After a few canceled attempts to get Starship SN9 airborne for a 10km launch and landing test, private space company SpaceX launched the unmanned test rocket at 3:25 p.m. EST Tuesday afternoon. By 3:32, it was all over – literally.
Engine ignition, liftoff, ascent, hover, bellyflop, and descent went well, but during the flip to vertical just prior to landing, something went terribly wrong.
Two raptor engines are supposed to reignite for the landing phase. The reignition happens just as the rocket reorients to vertical flight. Here, you can see one of the raptor engines relight:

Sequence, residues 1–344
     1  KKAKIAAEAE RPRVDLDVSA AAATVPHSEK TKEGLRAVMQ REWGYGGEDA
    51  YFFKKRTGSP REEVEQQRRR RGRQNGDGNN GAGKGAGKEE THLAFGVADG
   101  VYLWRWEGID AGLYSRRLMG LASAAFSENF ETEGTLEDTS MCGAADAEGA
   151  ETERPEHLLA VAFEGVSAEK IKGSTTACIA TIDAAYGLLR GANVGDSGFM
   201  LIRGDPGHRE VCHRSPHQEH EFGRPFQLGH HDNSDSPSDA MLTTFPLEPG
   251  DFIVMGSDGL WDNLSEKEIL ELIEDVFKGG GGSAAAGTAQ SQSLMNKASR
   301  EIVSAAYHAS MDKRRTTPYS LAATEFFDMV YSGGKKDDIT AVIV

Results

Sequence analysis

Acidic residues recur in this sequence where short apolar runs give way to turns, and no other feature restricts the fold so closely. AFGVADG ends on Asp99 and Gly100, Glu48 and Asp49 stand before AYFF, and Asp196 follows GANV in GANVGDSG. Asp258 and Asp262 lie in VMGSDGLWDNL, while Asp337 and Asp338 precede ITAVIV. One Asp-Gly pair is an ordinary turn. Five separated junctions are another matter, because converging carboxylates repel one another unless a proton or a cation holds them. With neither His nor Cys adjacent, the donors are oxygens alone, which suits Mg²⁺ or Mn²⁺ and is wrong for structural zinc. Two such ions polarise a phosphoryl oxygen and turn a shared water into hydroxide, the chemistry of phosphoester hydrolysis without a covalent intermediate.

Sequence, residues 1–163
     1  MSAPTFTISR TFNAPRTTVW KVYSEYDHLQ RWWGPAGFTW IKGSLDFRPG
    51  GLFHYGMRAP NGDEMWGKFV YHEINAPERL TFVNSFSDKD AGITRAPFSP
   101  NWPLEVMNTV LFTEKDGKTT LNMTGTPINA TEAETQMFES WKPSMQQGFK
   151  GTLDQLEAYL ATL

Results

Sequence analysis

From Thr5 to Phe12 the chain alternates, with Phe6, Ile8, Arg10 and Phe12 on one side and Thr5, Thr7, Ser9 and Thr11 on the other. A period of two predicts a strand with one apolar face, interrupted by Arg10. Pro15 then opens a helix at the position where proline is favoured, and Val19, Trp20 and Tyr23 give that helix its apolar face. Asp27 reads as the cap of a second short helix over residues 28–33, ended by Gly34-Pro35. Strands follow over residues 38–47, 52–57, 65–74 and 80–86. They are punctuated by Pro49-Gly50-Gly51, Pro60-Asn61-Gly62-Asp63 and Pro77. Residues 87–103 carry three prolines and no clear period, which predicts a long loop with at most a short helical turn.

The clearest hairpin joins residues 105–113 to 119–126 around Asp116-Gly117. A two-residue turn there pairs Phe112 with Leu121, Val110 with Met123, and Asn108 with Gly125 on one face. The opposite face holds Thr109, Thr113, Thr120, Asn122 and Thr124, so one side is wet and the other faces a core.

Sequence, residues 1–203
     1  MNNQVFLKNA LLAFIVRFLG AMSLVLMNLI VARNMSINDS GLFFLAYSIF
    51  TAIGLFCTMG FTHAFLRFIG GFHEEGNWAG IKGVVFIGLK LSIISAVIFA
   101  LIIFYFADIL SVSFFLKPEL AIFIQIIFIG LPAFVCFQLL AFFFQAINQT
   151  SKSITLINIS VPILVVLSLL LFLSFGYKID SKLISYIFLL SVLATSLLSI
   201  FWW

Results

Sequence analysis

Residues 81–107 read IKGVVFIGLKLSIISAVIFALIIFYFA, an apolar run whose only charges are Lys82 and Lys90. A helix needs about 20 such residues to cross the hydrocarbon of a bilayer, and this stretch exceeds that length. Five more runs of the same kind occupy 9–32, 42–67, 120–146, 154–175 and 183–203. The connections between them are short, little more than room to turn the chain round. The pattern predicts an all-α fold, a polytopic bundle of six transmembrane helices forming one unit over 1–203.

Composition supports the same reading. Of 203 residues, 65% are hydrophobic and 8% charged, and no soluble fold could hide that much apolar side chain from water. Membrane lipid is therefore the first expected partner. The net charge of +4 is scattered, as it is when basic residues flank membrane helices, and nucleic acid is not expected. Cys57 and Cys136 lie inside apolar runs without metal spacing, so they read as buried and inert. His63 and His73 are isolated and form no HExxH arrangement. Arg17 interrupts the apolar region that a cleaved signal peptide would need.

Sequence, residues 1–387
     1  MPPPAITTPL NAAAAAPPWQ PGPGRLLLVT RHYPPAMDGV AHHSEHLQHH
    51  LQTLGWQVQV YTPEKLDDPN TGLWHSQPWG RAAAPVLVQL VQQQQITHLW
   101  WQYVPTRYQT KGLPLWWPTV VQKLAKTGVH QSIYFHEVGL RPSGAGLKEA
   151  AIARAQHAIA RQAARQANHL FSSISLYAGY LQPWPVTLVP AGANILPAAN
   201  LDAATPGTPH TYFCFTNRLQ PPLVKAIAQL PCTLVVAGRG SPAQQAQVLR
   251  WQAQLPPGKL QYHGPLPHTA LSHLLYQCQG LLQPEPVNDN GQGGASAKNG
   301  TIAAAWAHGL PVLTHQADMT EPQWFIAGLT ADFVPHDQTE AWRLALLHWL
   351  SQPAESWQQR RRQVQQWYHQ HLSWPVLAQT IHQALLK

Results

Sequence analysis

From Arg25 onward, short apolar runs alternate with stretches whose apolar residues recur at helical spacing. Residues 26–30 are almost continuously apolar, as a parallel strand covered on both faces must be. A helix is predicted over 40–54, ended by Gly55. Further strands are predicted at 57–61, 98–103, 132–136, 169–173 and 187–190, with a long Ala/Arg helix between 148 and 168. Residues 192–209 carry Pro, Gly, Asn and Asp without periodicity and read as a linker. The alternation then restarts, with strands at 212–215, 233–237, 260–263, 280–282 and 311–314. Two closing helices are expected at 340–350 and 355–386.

But when the second raptor attempts to light, it fails and some debris flies away from the engine area of the spacecraft:
SN9 struggles to get into the proper vertical alignment and experiences a colorful and rapid unplanned disassembly (CRUD):
SN9’s ‘hard landing’ is similar, but not the same as that of the ill-fated SN8 fireball. SN8 was unable to get proper fuel mixture to the engines resulting in sub-nominal landing thrust and a similar explosion.
The plume coming from the one raptor engine that did light looked normal and no second plume is seen prior to the crash which appears to show that only one engine lit which would not provide enough thrust to halt SN9’s descent.
Full Live Stream of SN9 Launch and
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